OTTAWA - Another 3,800 civil servants were told Monday that their jobs are on the line.
Parks Canada took the biggest hit in the government's third wave of notifications, with over 1,000 people told their jobs are at risk. More than 600 positions will be eliminated entirely.
"Canadians can expect fewer services and shorter seasons at national parks and historic sites," said Doug Marshall, president of the Union of National Employees which represents about 3,000 Parks Canada workers.
Other departments facing job losses include Human Resources and Skills Development, Aboriginal Affairs, Library and Archives and Statistics Canada.
At Transport Canada, cuts are to the airport security oversight and marine security branches, said Christine Collins, national president of the Union of Canadian Transportation Employees.
"While all of these cuts are happening in the name of savings, senior executives throughout government will receive hefty bonuses for doing these cuts," she said.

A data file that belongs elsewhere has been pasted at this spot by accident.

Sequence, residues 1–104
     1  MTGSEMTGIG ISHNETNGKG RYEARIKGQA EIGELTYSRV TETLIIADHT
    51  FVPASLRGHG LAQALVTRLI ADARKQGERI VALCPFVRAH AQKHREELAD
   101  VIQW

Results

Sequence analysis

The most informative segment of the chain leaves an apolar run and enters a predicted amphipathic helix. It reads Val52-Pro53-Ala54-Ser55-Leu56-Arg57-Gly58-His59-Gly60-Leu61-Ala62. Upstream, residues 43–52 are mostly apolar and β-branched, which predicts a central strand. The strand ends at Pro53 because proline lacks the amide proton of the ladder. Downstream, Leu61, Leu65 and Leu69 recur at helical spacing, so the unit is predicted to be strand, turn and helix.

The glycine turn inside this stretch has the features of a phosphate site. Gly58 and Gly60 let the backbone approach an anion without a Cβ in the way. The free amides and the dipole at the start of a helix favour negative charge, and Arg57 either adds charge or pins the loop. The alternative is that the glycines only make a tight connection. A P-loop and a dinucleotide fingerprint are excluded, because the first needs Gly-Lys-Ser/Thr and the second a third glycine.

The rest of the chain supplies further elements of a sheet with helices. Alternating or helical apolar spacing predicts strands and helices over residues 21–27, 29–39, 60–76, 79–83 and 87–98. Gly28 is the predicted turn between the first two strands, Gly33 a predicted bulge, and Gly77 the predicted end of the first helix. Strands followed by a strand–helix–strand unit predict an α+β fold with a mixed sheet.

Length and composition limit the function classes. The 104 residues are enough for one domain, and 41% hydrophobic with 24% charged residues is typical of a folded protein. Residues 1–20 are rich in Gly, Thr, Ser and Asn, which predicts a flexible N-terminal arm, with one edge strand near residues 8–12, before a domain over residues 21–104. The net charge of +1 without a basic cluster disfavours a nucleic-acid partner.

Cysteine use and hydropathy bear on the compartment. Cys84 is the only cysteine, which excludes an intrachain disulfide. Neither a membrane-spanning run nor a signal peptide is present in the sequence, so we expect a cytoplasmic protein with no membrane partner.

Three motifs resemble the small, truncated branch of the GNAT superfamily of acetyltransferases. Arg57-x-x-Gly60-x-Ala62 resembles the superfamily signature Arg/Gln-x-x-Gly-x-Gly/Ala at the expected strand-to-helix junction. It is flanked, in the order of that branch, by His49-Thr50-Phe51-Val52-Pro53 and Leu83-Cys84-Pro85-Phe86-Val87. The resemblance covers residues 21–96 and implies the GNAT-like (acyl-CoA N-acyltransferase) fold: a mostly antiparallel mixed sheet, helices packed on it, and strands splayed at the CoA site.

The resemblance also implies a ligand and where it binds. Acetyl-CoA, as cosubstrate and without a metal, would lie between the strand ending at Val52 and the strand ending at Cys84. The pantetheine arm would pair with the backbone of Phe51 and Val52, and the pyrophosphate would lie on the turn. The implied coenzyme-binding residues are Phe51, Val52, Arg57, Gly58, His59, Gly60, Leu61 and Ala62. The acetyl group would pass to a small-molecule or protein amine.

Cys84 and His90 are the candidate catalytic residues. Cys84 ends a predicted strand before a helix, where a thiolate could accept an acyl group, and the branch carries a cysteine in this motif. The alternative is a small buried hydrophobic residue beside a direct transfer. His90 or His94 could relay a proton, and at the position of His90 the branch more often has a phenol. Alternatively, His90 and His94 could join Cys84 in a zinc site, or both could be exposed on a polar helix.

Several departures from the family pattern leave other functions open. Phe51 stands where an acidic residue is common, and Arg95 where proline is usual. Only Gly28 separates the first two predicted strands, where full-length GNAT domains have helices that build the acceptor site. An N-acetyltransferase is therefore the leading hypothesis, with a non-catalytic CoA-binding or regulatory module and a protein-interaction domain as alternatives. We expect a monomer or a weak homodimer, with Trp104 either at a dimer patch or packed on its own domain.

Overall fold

Within Transport Canada alone, bonuses are worth $3 million, Collins said.
"Shame on them," she said.
At Correctional Services Canada, the inmate grievance program has been closed, which creates dangerous conditions, said John Edmunds, president of the Union of Solicitor General Employees.
"When inmates complain and don't get listened to, we have problems at our sites," he said.
The news follows the Conservatives' announcement of the closure of two prisons and a mental health facility.
The Conservative budget aims to eliminate 19,000 jobs in a bid to save $5.2 billion in the next three years.
Not all of the people whose jobs are on the chopping block will find themselves summarily unemployed; many will be able to apply for open positions elsewhere in government or be given the option to retire.
To date, close to 12,000 people in 40 departments and agencies have been notified their jobs are in danger, said John Gordon, the president of the Public Service Alliance of Canada.
He said some of the losses are effectively immediately, while others will come over the next year.
Union leaders are in Ottawa this week for a national conference and plan to stage a major rally on Parliament Hill on Tuesday.
"We have a majority government and we know they have the ability to pass their budget and go on with these cuts," said Gordon.
"We want to make sure they don't get away with closing things down quietly and then, when they come up for election in 2015, everybody's forgotten."